The Lighthouse by P.D. James offers an engrossing read, with excellently drawn characters, an intriguing isolated island, and a difficult to solve murder. Although I think James copped out with the solution to the crime (more on that later – spoiler warning!), her characters evolve and we are kept turning the pages to find out “who dun it.” You can’t ask for more than that with a mystery novel.
The Lighthouse is the latest in her Adam Dalgliesh series. We’re back with AD, as he’s called, Inspector Kate Miskin and Benton-Smith, another man on the force. Benton-Smith takes the place of Piers, who is now moved to a different unit; good for Kate, because she’s finally sleeping with him, and the budding romance takes her one step further into character development. It’s believable plot twist and one that I cheered, because I have always liked James’ character and want her to be happy. I think that’s the sign of a well drawn character. When we want the evil doer to get his comeuppance, or when we want one of the characters to achieve their heart’s desire, and we are rooting for them, they’ve become so real to us that they are like our friends, family and acquaintances. We want them to be happy and they are just words on paper, but no matter; they are real to us.
This mystery focuses on a writer named Nathan Oliver. He sounds like a cold, cruel megalomaniac. He’s brilliant but cannot feel; he treats people like things. His only child, a daughter, is desperate to escape her role as Daddy’s personal secretary. She has an affair with his personal editorial assistant, and they’re both prime suspects when Oliver turns up murdered. He wasn’t happy to find the pair entwined in a naked embrace in a hidden cover on the beach. Although they tell him they’re engaged to be married, Daddy is most certainly Not Happy, but only because he’s losing two of his best workers and won’t be able to control them anymore. As a reader, I ended up loathing Nathan Oliver. Having no pity for the murder victim didn’t make me want them to not to solve the murder, but you can’t really like this guy. He has no redeeming qualities whatsoever, so when he turns up dead, you’re just sort of shrugging like, “Okay, it finally happened.” Too many people want him gone from their lives.
The action takes place on a fictional island called Combe, and I think Combe turned into a character, too. It’s supposed to be a retreat for the super wealthy or super famous. They can go to the island for R & R without the paparazzi or body guards. At the time the murder takes place, the guests on the island include Oliver, his daughter and his personal assistant; two scientists who run an animal testing facility that’s always under threat from extremists; a permanent resident of the island, an elderly lady and her servant; an ex-Anglican priest turn alcoholic turned assistant to the island’s attorney. There’s a fellow who returned with his mother, an island residents, and stayed on after her death. There’s a disgraced physician and his saucy nurse-wife. There’s a gay tough guy named Jago who runs the boat to and from the mainland; Millie, a streetwise girl who latched onto Jago and who he brought to the island as a servant; and of course, the cook, housekeeper, and other staff.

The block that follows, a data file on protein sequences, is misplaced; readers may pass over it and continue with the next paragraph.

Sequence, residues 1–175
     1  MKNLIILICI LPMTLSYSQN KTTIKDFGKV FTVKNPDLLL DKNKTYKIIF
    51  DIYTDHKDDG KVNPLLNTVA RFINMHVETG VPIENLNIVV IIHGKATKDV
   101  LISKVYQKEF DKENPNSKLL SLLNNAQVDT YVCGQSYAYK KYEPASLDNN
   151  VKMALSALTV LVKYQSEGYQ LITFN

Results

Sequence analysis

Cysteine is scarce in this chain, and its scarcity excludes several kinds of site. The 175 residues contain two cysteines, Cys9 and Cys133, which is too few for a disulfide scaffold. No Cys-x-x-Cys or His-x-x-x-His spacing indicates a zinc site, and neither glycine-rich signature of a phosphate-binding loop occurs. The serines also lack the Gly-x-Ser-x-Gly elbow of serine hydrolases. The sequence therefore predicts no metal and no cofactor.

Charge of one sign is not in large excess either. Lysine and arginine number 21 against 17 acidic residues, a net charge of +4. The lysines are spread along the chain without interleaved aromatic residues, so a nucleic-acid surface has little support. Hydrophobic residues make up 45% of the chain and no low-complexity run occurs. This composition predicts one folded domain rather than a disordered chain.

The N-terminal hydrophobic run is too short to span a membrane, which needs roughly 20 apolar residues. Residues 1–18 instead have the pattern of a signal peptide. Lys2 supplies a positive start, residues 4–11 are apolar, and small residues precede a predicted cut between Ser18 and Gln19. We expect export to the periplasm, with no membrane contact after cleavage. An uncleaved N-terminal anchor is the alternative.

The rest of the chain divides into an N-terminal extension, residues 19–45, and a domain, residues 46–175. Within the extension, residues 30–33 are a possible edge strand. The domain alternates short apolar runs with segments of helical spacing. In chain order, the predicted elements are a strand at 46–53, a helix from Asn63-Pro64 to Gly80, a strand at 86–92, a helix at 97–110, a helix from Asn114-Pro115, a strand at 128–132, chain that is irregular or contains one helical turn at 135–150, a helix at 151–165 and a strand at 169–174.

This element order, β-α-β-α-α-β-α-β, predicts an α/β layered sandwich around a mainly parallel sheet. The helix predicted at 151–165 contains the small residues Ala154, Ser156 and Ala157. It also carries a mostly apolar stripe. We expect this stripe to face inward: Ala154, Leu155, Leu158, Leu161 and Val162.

The island itself is remote. It sounds from the author’s descriptions like you’d want to just stay in one of the cottages and star gaze for hours on end. It’s idyllic. I’d like to live there permanently if you could guarantee internet access.
When Oliver turns up hanging from the lighthouse by an oddly fashioned noose, it’s at first thought to be suicide. Later, the detectives realize that the noose isn’t the cause of death; he was strangled first and the body staged to look like a hanging.
The plot takes the predictable mystery novel turns, with the detectives analyzing motives, questioning suspects and all of that. Here’s where I think PD James, for all her greatness, took a turn for the worse. During the course of the novel, one of the suspects falls ill with SARS, a severe respiratory disease. Dalgliesh, the lead detective, also contracts the disease. So he’s up in the infirmary deathly ill while Kate has to take over the investigation. Now all of this would be fine and interesting, except that at the ninth hour, like the old deus ex machina from the Greek dramas, Dalgliesh wakes up from his high fever, solves the mystery, and communicates it to Kate. It felt contrived, and it felt like an author cop out. Why bother taking Dalgliesh out of the picture, show us Kate’s rising confidence in her detective abilities, and then suddenly take the solution out of her hands? It didn’t make sense and that’s what I meant by the ending wasn’t great. The murderer and the death of an innocent man on the island, a second and more sympathetic character, also didn’t feel right. I didn’t find many clues at all pointing to the eventual revelation of the murderer, and as I thought about the book this morning, the second murdered man also didn’t make much sense. These also felt contrived, as if James realized, “Oliver wasn’t very sympathetic; but this man is, so I’ll have him killed too.”
All in all, The Lighthouse was an engrossing read. I looked forward to my time spent each evening reading the novel, and eagerly look forward to my next dive into PD James’ world of British detective Adam Dalgliesh.